Dora Akunyili was born in Markurdi, Benue State to Chief and Mrs. Paul Young Edemobi. She had her West African School Certificate Examination (WASC) in Queen of Rosary Secondary School, Enugu state, where she graduated with Grade I Distinction. she won the Eastern Nigerian Government Post Primary Scholarship and the Federal Government of Nigeria Undergraduate Scholarship. She had six children and three grandchildren.
After the death of Vivian her sister,who died after taking fake insulin injection in 1988. Dora came at the forefront of the fight against drug counterfeiters.
She was the Nigerian Minister of Information and Communications from 2008 to 2010. She was a pharmacist and governmental administrator who gained international recognition. She won several awards for her work in pharmacology, public health and human rights.
Akunyili ran for election as Senator for Anambra Central for the APGA in April 2011 but was defeated by Chris Ngige of the ACN. She immediately sent a petition to the Independent National Electoral Commission disputing the result. She died in an Indian hospital on 7 June 2014 after a battle with uterine cancer.
Her funeral took place on 27 and 28 August, and was attended by many dignitaries from within Nigeria and beyond, including President Goodluck Jonathan (2010 to 2015), the then Nigerian President and a former Nigerian military ruler General Yakubu Gowon.
Akunyili was laid to rest at Agulu in Anambra state.
Chimamanda Ngozi Adichie grew up in Nigeria.
Her work has been translated into over thirty languages and has appeared in various publications, including The New Yorker, Granta, The O. Henry Prize Stories, the Financial Times, and Zoetrope. She is the author of the novels Purple Hibiscus, which won the Commonwealth Writers’ Prize and the Hurston/Wright Legacy Award; Half of a Yellow Sun, which won the Orange Prize and was a National Book Critics Circle Award Finalist and a New York Times Notable Book; and Americanah, which won the National Book Critics Circle Award and was named one of The New York Times Top Ten Best Books of 2013. Ms. Adichie is also the author of the story collection The Thing Around Your Neck.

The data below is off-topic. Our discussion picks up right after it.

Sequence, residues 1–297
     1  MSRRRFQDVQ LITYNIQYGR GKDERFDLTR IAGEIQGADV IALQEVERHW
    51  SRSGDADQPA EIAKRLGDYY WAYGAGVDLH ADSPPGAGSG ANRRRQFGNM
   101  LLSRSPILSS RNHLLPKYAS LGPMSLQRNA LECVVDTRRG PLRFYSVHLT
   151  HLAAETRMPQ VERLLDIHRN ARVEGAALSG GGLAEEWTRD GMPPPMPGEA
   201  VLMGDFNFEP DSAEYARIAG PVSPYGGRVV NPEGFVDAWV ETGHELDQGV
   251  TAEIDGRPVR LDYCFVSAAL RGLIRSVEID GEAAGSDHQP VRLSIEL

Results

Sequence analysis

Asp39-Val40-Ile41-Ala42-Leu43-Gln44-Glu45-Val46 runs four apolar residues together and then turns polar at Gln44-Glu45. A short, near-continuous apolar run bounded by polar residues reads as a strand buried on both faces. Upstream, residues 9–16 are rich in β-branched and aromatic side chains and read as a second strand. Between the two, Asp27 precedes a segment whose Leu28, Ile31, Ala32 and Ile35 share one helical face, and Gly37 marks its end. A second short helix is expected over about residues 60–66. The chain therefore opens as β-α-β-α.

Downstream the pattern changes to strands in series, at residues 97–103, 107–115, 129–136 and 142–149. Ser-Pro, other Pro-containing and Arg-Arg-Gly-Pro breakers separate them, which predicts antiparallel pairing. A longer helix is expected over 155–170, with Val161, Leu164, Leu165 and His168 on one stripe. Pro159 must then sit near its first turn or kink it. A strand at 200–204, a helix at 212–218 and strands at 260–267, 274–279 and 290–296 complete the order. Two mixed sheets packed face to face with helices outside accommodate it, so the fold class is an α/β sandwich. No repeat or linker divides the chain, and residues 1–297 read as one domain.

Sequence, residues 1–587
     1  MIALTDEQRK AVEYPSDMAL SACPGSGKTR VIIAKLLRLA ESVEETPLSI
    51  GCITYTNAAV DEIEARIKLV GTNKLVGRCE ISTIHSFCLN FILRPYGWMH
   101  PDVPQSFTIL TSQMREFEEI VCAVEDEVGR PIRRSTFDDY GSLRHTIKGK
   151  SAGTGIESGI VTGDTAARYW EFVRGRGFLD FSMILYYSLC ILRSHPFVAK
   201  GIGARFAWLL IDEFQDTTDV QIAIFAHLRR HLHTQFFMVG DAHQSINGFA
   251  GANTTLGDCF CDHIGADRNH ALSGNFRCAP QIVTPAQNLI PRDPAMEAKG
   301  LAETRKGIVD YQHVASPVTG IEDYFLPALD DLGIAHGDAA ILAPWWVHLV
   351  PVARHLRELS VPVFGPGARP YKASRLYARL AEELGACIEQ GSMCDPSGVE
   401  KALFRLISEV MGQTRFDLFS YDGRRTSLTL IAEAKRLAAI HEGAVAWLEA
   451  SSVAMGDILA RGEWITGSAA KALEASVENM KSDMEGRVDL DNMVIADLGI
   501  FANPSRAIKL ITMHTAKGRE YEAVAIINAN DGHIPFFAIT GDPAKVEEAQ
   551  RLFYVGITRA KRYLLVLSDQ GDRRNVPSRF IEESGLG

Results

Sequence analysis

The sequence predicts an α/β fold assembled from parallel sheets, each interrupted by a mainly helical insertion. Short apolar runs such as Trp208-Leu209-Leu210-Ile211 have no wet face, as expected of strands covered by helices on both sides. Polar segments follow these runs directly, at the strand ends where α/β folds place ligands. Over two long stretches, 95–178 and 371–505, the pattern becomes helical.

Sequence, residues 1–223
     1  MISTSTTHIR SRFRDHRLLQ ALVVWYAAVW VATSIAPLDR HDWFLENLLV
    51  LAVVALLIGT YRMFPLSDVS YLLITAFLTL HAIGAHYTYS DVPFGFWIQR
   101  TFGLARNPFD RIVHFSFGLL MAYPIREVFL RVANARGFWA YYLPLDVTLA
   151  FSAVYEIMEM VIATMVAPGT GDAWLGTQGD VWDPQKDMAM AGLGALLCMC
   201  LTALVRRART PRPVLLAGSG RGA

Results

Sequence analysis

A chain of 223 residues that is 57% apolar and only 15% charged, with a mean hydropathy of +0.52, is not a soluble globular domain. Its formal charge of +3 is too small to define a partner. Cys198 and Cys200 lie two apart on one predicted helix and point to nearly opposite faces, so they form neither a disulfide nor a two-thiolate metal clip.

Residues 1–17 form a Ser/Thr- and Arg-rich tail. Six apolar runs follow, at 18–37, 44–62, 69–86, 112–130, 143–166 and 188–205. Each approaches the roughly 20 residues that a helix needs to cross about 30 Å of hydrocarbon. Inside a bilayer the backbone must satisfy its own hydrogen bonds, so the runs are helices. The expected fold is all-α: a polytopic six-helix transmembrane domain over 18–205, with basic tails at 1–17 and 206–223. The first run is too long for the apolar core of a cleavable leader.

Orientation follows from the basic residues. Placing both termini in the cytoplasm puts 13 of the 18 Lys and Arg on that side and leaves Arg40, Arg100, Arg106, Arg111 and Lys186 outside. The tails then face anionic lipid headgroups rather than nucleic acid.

Ms. Adichie has been invited to speak around the world. Her 2009 TED Talk, The Danger of A Single Story, is now one of the most-viewed TED Talks of all time. Her 2012 talk We Should All Be Feminists has a started a worldwide conversation about feminism, and was published as a book in 2014.
Her most recent book, Dear Ijeawele, or a Feminist Manifesto in Fifteen Suggestions, was published in March 2017.
A recipient of a MacArthur Foundation Fellowship, Ms. Adichie divides her time between the United States and Nigeria.
For a detailed bibliography, please see the independent “The Chimamanda Ngozi Adichie Website” maintained by Daria Tunca.